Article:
Wednesday 5 July 2017

Rabbi Joseph Dweck

There's a big controversy on Rabbi Dweck's shiur (talk), which you can listen to the talk here.

It's 90 minutes, and worth listening to, but I think I can summarise it thus.

The Torah says, Leviticus 20:13, "If a man also lie with mankind, as he lieth with a woman, both of them have committed an abomination: they shall surely be put to death; their blood shall be upon them."

Dweck points out that this says that a penetrative homosexual act is forbidden. But that's it. You can fall in love, live together, you can hold hands, you can hug, kiss, and so on. All these other things that people disapprove of, have no basis in the Torah. Only the act of "lieth", as the translation puts it.

So, two things.

1) This is a case of cognitive dissonance. When you listen to Dweck, it's clear that he wishes that the act of "lieth" were not forbidden, because he regards it as an act of love. But the Torah forbids it, and that's that. He doesn't take the obvious additional step, that this verse should be ignored.

2) A large portion of the Orthodox Jewish community is in uproar; on the face of it about Dweck's talk, but in reality about the issue of homosexuality in society.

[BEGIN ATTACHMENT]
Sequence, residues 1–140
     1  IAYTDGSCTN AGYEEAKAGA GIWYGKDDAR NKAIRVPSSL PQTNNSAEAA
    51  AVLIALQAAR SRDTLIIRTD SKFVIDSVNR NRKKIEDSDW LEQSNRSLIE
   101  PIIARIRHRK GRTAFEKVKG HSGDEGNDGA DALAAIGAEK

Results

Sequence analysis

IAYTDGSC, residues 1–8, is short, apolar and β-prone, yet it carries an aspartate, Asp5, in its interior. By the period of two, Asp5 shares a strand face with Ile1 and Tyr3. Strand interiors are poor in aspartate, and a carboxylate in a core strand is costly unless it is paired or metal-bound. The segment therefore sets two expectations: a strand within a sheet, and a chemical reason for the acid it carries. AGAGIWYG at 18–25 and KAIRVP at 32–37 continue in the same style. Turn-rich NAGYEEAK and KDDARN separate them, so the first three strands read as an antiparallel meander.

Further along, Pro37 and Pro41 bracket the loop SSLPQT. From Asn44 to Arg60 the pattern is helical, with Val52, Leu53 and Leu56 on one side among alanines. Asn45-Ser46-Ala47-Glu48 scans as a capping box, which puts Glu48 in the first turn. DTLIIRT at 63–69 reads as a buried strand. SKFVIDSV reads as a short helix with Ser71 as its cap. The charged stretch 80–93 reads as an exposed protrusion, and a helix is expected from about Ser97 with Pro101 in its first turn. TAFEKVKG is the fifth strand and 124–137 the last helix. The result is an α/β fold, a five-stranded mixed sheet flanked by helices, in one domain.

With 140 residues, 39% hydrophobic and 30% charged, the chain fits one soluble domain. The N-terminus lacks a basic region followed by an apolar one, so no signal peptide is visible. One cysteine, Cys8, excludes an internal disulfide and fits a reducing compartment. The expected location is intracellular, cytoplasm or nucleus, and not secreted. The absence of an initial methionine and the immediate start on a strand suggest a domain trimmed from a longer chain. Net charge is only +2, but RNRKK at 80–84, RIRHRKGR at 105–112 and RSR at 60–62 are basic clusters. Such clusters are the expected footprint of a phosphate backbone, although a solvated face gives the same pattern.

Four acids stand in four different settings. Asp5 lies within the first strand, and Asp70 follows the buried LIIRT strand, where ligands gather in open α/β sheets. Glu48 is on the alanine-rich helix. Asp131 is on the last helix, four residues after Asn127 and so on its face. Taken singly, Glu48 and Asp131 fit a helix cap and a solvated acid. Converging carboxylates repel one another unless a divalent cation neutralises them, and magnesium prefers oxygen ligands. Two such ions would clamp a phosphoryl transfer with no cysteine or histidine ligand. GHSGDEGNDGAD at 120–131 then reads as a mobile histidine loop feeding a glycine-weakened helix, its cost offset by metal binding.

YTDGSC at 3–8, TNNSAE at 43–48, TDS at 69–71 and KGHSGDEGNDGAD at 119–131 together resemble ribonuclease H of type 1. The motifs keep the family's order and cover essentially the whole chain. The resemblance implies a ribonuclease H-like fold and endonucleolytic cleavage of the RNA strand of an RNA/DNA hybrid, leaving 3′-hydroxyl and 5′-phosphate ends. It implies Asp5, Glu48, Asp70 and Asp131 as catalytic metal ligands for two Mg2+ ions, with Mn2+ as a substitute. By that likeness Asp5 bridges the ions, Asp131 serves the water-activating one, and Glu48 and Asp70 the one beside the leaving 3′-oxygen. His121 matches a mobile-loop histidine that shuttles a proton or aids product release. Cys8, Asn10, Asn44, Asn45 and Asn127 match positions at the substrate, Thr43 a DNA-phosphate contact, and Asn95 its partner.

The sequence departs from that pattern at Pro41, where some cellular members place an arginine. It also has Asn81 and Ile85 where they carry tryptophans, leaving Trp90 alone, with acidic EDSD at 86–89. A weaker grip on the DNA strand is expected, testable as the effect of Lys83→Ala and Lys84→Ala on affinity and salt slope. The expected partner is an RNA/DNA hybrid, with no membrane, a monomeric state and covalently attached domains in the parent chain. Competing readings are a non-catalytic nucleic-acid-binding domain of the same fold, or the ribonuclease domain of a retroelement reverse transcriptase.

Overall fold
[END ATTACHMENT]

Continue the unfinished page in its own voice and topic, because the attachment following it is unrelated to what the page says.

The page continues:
And it's about time.

Here's my suggestion. It is, in fact, mechanically impossible for a man to lieth with a man in the same way as he lieth with a woman. There's a key difference. Which means that homosexuals can indeed lieth with each other without breaching Leviticus 20:13.

There. Fixed that for you.


  1. Surely the writer of the verse in question was aware of the "mechanical" difference, and would not have bothered to inveigh against an impossibility. He meant what everyone thinks he meant, but was being circumspect in the way he expressed it. Besides which, you can do that with a woman too.

  2. We can only guess what he meant, but we *know* what he wrote. Maybe he anticipated this cognitive dissonance, and carefully arranged a loophole for us to escape through.

    Like Humpty Dumpty, words mean what we want them to mean.